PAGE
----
Bibliophile | Hoodwinked: How Pauline Hanson fooled a nation

hoodwinked: how pauline hanson fooled a nation
by Kerry-Anne Walsh
Allen & Unwin

Kerry-Anne Walsh was in the Canberra press gallery 25 years before becoming disenchanted with political spin and the nature of political reporting. Everyone knew Pauline (no last name needed) even though she had only been in parliament for a total of 4 years. With Pauline’s unflattering head shot sliding off the cover, the author of The Stalking of Julia Gillard shatters the facade of the politician who claims to represent the average Australian.

When Pauline Hanson was first elected to the House of Representatives in 1996, “Hanson was like the nudist who accidentally wandered into an Eastern Suburbs high tea party. She shocked and rocked an establishment that was dominated by the two major parties. Her virulent racism was bluntly expressed. Her flag-waving, simplistic Australia-first rhetoric gained her instant stardom in depressed and disgruntled electoral pockets.”

Walsh is scathing as she retraces the fiery red-head’s political pathway from being an accidental local councillor to her 1996 election to parliament and her 2016 resurrection. She traces the origins of her raw brand of Australia-first politics Hanson espouses and the fictions created in pursuit of political prominence and power over two decades. There is no shortage of evidence or people speaking against Pauline and exposing her as “the star of her long-running soap opera”.

History shows that those who support Hanson are repeatedly accused of disloyalty and duplicity and “dispatched to the vast wilderness where Hanson’s ex-friends were rapidly piling up like stenching bodies on a battlefield”. Certainly, Walsh has a better way with words that Hanson, saying that one would have to hire an aircraft hanger if they wanted to hold a get-together of the people Hanson had used.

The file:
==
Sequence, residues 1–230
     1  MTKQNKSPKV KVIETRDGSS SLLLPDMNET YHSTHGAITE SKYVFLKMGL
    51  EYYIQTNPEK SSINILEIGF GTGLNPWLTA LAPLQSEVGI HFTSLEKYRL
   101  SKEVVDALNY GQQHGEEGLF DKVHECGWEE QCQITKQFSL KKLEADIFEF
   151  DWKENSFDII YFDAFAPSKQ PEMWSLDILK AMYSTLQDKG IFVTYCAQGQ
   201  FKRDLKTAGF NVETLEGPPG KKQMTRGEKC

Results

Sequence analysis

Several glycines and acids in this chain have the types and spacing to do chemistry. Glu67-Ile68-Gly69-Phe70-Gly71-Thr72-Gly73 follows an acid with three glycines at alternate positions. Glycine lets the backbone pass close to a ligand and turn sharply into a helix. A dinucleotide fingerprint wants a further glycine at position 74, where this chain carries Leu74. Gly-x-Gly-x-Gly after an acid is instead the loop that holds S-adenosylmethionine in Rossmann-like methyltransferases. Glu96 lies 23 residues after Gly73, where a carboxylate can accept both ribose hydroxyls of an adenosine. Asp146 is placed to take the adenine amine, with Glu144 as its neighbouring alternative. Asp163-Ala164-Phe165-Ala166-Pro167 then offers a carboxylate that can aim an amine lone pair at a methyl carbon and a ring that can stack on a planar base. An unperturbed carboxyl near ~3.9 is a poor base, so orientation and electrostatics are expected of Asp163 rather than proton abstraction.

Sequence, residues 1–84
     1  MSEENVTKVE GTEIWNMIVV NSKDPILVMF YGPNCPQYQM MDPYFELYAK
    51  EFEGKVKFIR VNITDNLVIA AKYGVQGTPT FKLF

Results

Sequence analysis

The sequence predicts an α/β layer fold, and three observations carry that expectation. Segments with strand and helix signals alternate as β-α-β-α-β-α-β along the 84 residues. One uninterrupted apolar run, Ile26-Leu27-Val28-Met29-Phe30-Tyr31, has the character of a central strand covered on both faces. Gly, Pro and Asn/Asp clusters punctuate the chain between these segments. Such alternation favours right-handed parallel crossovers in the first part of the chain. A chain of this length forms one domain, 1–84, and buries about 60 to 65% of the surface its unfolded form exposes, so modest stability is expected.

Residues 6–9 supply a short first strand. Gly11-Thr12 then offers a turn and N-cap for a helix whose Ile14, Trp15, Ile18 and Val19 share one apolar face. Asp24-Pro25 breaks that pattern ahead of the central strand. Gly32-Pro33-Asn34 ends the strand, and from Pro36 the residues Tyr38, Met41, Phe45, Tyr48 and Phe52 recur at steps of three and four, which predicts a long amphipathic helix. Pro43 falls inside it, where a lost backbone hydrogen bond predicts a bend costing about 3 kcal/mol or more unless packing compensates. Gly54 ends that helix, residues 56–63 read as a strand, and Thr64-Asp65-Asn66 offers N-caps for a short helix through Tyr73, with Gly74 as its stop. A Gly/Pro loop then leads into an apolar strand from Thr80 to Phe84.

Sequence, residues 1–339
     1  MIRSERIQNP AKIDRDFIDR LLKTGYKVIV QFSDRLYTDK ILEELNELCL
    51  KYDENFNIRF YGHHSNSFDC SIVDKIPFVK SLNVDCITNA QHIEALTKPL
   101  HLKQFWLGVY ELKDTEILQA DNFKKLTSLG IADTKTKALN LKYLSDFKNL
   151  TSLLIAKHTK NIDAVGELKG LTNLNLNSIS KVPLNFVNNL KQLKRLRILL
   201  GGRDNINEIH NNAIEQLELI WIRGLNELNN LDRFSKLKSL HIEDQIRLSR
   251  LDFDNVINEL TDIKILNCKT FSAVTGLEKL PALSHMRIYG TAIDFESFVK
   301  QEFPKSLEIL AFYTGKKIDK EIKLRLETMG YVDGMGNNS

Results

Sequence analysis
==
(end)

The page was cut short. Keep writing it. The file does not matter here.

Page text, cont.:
Walsh exposes the creation of Pauline Hanson’s One Nation Party as a vehicle to market Hanson as a ‘commercial product’ and analyses how the fledgling party out-polled the Coalition parties in the 1998 Queensland State election. “Eleven unknowns landed in the Queensland parliament … with no support, no experience in politics and few policies.”

It is fascinating and horrifying to read about One Nation’s downward slide, the making of a political martyr and the political shenanigans as Hanson tries again and again to win elections. Then, twenty years after being first elected, Pauline Hanson and three other One Nation Party representatives hold the balance of power in the senate. How did this happen?

Walsh is unrelenting in her dissection and damnation of Hanson’s fluctuating political whims. Everything is scrupulously evidence based … which is certainly more than any of Hanson’s headline rants relying on “the emotions of fear and outrage, not empirical data”.

Many people are aware of Hanson’s bombastic tactics and lack of substance but how many people know about the how much she has gained financially (and sometimes fraudulently)? Pauline might not be able to get away with what she used to get away with but Walsh reveals the trail of money from her party to her personal finances. Meanwhile, the number of disillusioned voters who hang onto her war cries that are “based only the most fleeting of experiences” is increasing. It’s scary stuff.

Lezly Herbert

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